A study published in the British Journal of General Practice found pain was the most common reason for cancer patients calling out-of-hours services, accounting for nearly a third of cases.
Researchers said routine anticipatory cancer care should prioritise patient education about how to self-manage pain symptoms during daytime consultations, which is a more appropriate setting for such advice than an out-of-hours visit.
This should tackle patients’ fears about addiction and the side-effects of opiate analgesics, as well as patient reluctance to ‘mask’ pain if they feel it is a useful indicator of disease activity, they said.
Further research could determine whether this would reduce reliance on out-of-hours services, they said.
Studies have shown pain is the most frequent reason for cancer patients attending emergency departments, but little is known about the reasons for these patients contacting GP out-of-hours services.
Patient education 'a priority'
A team from the University of Aberdeen led by Dr Rosalind Adam, a GPSI in chronic pain, examined the records of 950 patients with cancer who contacted the Grampian out-of-hours service between 2010 and 2011.
A fifth of patients were admitted to a hospital or hospice as a result of their assessment by the out-of-hours practitioner.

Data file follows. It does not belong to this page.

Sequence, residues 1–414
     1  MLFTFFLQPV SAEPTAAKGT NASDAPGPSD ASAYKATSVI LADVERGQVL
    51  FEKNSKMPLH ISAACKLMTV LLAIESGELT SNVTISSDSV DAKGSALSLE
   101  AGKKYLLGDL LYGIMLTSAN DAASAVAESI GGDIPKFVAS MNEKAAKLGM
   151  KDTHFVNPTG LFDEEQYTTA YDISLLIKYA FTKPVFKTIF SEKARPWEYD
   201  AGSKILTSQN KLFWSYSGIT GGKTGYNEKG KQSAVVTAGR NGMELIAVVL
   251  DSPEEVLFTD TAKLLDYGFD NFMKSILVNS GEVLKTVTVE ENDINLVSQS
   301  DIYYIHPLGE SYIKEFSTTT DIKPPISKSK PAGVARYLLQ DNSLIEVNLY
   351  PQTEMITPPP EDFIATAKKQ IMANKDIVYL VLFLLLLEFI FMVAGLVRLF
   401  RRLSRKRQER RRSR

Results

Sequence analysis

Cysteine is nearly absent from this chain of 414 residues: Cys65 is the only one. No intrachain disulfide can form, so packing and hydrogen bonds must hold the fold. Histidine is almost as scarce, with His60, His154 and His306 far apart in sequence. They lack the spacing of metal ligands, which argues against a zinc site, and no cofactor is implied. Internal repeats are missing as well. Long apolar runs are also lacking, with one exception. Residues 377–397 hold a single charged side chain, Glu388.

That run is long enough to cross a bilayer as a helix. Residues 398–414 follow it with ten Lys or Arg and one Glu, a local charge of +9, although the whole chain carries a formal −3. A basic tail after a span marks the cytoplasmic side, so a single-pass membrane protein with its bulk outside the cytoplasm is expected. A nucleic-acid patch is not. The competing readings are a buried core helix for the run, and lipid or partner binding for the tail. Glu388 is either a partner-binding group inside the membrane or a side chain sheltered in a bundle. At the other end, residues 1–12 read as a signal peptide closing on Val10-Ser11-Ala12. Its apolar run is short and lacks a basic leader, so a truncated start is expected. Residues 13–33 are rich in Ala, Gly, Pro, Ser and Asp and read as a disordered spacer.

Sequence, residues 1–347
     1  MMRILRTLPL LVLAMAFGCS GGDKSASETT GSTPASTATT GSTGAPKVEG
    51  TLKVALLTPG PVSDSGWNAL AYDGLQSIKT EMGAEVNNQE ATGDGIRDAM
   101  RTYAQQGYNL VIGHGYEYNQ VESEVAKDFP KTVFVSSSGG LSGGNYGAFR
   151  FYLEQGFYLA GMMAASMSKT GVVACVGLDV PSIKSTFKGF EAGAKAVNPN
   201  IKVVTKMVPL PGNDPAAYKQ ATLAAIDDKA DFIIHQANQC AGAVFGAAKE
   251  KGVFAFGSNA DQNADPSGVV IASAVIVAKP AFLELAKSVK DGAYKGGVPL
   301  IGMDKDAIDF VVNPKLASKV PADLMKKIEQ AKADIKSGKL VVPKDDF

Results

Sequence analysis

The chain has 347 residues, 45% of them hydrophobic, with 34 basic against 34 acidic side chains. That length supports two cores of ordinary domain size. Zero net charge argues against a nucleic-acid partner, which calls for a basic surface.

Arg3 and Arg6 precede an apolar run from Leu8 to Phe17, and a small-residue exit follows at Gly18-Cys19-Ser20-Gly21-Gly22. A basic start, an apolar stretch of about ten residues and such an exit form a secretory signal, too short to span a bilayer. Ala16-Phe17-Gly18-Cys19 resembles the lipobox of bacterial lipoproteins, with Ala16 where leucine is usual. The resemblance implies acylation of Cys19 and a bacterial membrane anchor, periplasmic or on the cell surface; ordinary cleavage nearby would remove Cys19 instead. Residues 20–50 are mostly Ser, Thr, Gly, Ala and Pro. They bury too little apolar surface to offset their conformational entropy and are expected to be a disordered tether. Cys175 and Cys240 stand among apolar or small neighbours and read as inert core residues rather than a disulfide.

Pain was present in 31% of patients, followed by nausea or vomiting in 12% and agitation in 6%.
Over a quarter of patients reporting pain were treated with injections for pain relief, despite many already being on strong oral opiates.
In addition, one in seven patients with pain were managed with education and reassurance.
Researchers suggested that planned, daytime anticipatory care may be a better place for patients to be given this self-management advice.
They said: ‘Patient education about pain self management with attention to any barriers that may exist to the use of opioid analgesics should be a priority in routine anticipatory cancer care.
‘Future research is required to explore whether improved patient education and targeted anticipatory care could result in less reliance on unscheduled primary care and to characterise and quantify the potentially mutual benefits of such interventions for patients and practitioners.’